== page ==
SOA-Frameworks for Modular Virtual Learning Environments: Comparing Implementation Approaches

SOA-Frameworks for Modular Virtual Learning Environments: Comparing Implementation Approaches

Fredrik Paulsson, Mikael Berglund
DOI: 10.4018/978-1-60566-938-0.ch017
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A general SOA framework for Virtual Learning Environments, based on the VWE Learning Object Taxonomy, is suggested in this chapter. Five basic and general services are suggested for implementation of modular Virtual Learning Environments. The design of the service framework was tested by implementation in two prototypes, using two different approaches where a Java-RMI based implementation was compared to a Web Service (SOAP) based implementation. By implementing the VWE Learning Object Taxonomy and the VWE SOA framework, the prototypes showed that a level of modularity, similar to the level of modularity of Learning Objects, could be achieved for the Virtual Learning Environment as well. Using the VWE Learning Object Taxonomy, this was accomplished by including the learning content and the Virtual Learning Environment into the same conceptual space. The comparison of the prototypes showed that the Web Service approach was preferred in favor of the Java-RMI approach. This was mainly due to platform neutrality and the use of the http-protocol. The study was supplemented by an analysis of the two approaches in relation to a third, REST-based approach.
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One of the greatest challenges for Technology Enhanced Learning (TEL) is to achieve flexibility in the use and implementation of learning technology. One of the most obvious needs for teachers is pedagogical flexibility; that is flexibility to choose pedagogical methods, to choose (or not to choose) functionality and “tools”, as well as the flexibility given by the ability to change, and modify the Virtual Learning Environment (VLE) in a way that is responsive to how the pedagogical context develops – that is, the ability to modify the VLE at run-time. This kind of pedagogical flexibility depends on technical flexibility in terms of adaptability and adaptivity.

The current practice of using “learning platforms” such as Learning Management Systems (LMS), does not handle flexibility very well. One problem is that the functionality is restricted to what is currently available in the used product, and even though many LMS implement standards for learning technology, they are still often considerably proprietary, and monolithic, which make them act as information silos. The use of standards is often limited, and commonly restricted to standards for digital learning content (DLC) rather than standards for system architecture, and infrastructure, such as API’s, protocols and data formats. A consequence of this is a heterogeneous infrastructure, consisting of several isolated islands, and each new tool that is not a part of the LMS, easily becomes a new isolated island. This phenomenon is sometimes referred to as the “silo-effect” where each system owns and maintains its own data and functionality, and where no consideration is taken to the overall infrastructure, or to reciprocal interaction and reuse of information and services in a local or a global perspective. Th silo-effect is especially troublesome for LMSes since it makes the development of VLEs approach in an opposite direction than the rest of the web – compared to development trends such as represented by Web 2.0, where modularity and non-proprietary exchange of data, information and services are essential characteristics and carriers of the very concepts themselves. However, this situation is slowly changing as architectural standards that facilitate modularity and openness are slowly maturing and LMS vendors have started to adopt them. Such leading examples are the Sakai and the eFramework (see below), as well as specifications such as the IMS General Web Services (IMS, 2006), and the recent Common Cartridge specification from IMS, that supports packagings and exchange of data, learner information and learning content, as well as the notion of (still rudimentary) mash-ups in order to form simple composite applications the “Web 2.0 way” (IMS, 2008).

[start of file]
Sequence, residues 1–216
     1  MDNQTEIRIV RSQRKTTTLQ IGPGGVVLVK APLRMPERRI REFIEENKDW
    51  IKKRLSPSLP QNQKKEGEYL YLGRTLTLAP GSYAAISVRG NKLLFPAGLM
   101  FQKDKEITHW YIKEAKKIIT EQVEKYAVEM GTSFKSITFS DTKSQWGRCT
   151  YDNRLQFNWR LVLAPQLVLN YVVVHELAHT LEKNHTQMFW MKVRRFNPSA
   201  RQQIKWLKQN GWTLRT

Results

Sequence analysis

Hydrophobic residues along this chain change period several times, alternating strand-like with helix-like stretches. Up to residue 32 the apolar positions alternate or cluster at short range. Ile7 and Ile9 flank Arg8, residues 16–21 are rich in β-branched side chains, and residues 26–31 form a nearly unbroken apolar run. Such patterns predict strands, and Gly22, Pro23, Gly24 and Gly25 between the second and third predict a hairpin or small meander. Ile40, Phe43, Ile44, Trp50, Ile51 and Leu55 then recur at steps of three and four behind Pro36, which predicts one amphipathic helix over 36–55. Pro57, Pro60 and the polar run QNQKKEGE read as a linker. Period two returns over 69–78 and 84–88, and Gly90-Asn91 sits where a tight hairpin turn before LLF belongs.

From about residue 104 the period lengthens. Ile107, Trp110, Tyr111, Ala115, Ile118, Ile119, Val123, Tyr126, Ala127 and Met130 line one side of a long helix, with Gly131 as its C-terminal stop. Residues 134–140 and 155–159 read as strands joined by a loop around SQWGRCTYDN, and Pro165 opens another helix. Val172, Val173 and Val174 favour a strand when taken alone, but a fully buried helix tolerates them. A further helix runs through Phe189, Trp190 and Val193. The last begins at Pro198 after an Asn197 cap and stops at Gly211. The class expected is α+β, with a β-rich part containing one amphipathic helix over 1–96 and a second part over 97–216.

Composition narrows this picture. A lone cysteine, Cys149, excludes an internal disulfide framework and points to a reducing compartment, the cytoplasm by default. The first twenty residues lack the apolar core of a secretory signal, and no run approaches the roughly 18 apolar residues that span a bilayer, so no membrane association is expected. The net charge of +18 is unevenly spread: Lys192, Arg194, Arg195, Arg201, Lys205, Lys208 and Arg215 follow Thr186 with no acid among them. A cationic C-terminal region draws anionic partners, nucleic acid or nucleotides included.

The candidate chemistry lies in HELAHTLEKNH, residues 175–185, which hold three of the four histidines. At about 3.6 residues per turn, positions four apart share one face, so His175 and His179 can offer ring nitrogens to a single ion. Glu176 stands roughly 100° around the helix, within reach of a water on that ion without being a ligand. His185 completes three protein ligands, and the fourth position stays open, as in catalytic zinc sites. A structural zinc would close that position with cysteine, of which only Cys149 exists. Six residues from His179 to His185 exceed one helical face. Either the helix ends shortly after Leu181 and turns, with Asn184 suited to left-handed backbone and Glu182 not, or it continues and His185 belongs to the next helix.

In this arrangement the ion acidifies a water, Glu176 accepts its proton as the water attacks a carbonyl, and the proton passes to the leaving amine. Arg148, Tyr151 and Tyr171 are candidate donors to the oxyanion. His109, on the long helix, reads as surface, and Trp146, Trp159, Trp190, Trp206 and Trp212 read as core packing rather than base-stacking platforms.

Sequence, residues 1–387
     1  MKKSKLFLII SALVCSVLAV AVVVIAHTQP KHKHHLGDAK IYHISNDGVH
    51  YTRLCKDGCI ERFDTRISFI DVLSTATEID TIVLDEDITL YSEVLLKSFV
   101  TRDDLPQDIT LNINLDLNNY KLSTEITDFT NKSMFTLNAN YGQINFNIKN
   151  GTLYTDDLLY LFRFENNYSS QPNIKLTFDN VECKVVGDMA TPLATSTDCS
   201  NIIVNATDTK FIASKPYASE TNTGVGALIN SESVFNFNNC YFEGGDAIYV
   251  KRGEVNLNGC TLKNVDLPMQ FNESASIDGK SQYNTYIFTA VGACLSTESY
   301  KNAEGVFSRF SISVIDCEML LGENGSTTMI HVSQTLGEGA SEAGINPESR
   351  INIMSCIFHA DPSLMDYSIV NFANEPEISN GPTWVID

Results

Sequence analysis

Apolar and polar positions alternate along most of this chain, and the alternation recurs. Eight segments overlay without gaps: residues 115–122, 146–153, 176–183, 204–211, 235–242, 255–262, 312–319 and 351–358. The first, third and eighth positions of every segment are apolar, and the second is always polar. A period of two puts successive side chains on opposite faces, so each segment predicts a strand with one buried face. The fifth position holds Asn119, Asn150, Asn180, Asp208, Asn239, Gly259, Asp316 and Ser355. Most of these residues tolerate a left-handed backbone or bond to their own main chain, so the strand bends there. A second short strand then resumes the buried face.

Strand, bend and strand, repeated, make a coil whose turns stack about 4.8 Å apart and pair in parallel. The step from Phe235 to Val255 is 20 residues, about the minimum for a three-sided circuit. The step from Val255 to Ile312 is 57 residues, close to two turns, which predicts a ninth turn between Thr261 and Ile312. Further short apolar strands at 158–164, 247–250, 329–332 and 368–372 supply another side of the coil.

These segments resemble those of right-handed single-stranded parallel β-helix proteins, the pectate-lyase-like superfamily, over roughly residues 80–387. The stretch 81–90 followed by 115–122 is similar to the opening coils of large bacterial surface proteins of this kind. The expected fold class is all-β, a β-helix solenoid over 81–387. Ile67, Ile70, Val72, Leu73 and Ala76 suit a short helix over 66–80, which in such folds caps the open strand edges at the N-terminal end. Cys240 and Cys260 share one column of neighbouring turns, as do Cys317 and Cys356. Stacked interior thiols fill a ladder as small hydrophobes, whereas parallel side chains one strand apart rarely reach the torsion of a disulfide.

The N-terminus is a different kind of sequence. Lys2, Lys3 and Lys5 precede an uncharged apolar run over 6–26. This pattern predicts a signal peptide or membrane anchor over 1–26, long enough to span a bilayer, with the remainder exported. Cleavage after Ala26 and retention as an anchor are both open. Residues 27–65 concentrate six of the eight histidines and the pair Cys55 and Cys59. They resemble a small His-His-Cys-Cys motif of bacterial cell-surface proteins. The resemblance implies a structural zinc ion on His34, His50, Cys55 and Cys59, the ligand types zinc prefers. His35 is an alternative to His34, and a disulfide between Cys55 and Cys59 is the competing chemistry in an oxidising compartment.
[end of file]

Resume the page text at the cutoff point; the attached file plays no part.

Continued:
Paulsson (2008) argue for an approach emanating from a learning architecture and a learning infrastructure point of view, rather than focusing on LMS systems that are packaged as, more or less, monolithic products, which is currently a common practice. In order to achieve this there is a need for standardized architectural frameworks and reference models that support modularity and bring a holistic perspective to the learning infrastructure. Previous experiences show that modularity is an efficient approach to achieving enhanced flexibility, as well as other advantages, such as reusability, and better support for evolutionary development that, in the long run, lead to better stability and sustainability of the infrastructure. Component-Based Software Engineering is one area where modular approaches have been used for a long time and where such benefits are experienced, as described (See e.g. Williams, 2001; Szyperski, 2002; and Erl, 2007).

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